In 1906, she and Greve returned to Berlin, where they were married on August 22, 1907. In July 1910, she followed Greve to North America, where they operated a small farm in Sparta, Kentucky, not far from Cincinnati, Ohio. Grove eventually left, in 1911, and went west to a bonanza farm near Fargo, North Dakota, and came to Manitoba in 1912. She started modeling for artists in Cincinnati, and made her way east via West Virginia and Philadelphia, before she married her third husband, the German Baron Leopold von Freytag-Loringhoven, in November 1913 in New York. There, she became known as “the dadaist Baroness Elsa von Freytag-Loringhoven”.
In New York City, Freytag-Loringhoven supported herself by working in a cigarette factory and by posing as a model for artists such as Louis Bouché, George Biddle, and Man Ray. She also appeared in works by Man Ray, George Grantham Bain and others; lithography by George Biddle; and paintings by Theresa Bernstein.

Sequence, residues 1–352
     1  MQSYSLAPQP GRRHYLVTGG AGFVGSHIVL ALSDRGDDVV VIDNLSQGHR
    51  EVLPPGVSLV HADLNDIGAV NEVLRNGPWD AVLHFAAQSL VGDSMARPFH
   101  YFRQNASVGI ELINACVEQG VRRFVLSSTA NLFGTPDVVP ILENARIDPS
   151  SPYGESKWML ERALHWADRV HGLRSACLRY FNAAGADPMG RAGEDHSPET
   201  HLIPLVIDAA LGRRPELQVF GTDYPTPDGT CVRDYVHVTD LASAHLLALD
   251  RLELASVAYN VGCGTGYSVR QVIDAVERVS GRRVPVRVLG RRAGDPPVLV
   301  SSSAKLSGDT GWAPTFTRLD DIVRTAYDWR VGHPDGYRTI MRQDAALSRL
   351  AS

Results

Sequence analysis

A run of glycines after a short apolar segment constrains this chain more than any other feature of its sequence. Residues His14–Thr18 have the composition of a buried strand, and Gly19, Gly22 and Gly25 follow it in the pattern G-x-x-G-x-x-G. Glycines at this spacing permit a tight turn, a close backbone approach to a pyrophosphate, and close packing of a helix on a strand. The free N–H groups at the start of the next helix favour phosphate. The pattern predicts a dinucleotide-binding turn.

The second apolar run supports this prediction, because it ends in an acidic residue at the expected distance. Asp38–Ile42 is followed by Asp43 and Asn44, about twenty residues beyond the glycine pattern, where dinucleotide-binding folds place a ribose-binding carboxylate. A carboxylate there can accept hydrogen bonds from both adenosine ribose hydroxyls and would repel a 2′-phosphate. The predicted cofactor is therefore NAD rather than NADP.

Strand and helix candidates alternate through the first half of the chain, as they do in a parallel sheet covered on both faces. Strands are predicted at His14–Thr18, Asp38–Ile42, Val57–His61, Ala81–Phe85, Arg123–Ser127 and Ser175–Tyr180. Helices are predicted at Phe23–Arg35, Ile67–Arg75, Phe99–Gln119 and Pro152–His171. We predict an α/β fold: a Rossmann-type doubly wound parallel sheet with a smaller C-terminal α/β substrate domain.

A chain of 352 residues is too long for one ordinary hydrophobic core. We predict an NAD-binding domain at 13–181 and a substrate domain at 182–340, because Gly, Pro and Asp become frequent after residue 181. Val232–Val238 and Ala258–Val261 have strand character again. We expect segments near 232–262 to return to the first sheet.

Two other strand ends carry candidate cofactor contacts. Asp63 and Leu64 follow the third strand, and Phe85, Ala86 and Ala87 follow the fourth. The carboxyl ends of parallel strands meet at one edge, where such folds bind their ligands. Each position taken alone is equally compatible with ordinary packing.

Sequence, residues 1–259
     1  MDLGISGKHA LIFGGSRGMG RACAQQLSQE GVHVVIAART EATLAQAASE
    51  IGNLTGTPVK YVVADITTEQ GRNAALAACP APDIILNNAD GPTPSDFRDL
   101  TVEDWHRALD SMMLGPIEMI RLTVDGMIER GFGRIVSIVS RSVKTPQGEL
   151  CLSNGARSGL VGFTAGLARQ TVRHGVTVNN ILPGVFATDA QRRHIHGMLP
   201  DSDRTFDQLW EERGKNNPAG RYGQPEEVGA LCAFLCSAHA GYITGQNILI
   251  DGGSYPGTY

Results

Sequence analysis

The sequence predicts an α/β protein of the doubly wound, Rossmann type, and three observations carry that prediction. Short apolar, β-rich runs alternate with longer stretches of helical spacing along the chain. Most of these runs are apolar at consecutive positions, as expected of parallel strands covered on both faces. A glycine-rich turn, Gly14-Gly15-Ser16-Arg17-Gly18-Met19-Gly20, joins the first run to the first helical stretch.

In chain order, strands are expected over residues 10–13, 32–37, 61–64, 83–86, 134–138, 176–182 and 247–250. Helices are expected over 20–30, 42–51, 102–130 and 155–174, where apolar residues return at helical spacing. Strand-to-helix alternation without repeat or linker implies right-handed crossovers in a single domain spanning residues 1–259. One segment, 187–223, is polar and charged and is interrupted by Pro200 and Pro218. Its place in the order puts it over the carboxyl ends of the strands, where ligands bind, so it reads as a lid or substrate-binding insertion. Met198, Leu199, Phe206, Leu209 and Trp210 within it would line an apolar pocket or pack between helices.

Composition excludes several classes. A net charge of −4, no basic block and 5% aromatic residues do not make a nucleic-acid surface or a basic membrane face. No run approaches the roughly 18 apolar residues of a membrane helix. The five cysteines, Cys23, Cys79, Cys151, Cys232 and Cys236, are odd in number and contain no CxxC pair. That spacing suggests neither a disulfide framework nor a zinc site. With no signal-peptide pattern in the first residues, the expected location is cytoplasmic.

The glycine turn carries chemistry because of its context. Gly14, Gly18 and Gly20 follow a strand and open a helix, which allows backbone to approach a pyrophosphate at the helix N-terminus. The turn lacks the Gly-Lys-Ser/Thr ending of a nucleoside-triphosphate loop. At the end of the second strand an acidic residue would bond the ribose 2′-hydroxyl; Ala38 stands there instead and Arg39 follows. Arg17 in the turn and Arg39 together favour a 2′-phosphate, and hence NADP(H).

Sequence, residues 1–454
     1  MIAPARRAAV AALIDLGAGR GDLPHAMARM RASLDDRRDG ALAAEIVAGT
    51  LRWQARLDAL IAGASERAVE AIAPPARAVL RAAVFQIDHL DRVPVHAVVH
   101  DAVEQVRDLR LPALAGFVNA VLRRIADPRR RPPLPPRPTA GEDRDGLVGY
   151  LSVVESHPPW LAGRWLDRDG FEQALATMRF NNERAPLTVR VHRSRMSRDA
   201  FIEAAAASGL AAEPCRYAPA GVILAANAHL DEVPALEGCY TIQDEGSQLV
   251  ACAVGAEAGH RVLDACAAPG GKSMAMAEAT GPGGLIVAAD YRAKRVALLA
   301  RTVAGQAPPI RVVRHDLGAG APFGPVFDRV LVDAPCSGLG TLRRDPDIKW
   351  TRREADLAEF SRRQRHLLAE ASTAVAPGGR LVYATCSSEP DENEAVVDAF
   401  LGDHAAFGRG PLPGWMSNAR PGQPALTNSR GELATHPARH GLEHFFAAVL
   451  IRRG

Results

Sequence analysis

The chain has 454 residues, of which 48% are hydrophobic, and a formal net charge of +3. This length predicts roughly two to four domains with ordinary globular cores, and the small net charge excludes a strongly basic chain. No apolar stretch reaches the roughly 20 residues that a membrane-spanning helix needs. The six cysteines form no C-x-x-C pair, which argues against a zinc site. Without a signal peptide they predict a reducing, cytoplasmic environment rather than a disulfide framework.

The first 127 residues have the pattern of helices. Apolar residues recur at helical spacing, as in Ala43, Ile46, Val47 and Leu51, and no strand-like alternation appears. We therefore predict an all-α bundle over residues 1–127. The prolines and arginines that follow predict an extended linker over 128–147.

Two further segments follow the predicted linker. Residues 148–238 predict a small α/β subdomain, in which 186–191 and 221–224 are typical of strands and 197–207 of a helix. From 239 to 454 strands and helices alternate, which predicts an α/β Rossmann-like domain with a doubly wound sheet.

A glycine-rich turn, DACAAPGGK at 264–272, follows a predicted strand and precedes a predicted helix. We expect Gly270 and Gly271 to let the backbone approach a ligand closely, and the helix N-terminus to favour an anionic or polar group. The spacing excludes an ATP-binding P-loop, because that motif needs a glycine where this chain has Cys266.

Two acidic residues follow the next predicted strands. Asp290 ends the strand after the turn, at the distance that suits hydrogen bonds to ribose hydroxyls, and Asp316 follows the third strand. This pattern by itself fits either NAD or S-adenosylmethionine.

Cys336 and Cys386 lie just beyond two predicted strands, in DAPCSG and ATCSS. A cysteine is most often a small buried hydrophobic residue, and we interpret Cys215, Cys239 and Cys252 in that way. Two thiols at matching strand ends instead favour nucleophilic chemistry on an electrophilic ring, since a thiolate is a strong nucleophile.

The Baroness was given a platform for her poetry in The Little Review, where, starting in 1918, her work was featured alongside chapters of James Joyce’s Ulysses. Jane Heap considered the Baroness “the first American dada.” She was an early female pioneer of sound poetry, but also made creative use of the dash, while many of her portmanteau compositions, such as “Kissambushed” and “Phalluspistol,” present miniature poems. Most of her poems remained unpublished until the publications of Body Sweats. Her personal papers were preserved after her death by her editor, literary agent, artistic collaborator, and lover Djuna Barnes.